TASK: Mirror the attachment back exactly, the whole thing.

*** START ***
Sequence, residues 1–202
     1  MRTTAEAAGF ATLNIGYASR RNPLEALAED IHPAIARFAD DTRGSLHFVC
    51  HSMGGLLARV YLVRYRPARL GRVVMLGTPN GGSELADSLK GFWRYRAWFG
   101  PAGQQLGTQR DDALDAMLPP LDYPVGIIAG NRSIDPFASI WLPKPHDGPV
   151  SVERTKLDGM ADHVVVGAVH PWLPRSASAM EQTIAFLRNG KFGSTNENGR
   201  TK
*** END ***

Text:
Sequence, residues 1–202
     1  MRTTAEAAGF ATLNIGYASR RNPLEALAED IHPAIARFAD DTRGSLHFVC
    51  HSMGGLLARV YLVRYRPARL GRVVMLGTPN GGSELADSLK GFWRYRAWFG
   101  PAGQQLGTQR DDALDAMLPP LDYPVGIIAG NRSIDPFASI WLPKPHDGPV
   151  SVERTKLDGM ADHVVVGAVH PWLPRSASAM EQTIAFLRNG KFGSTNENGR
   201  TK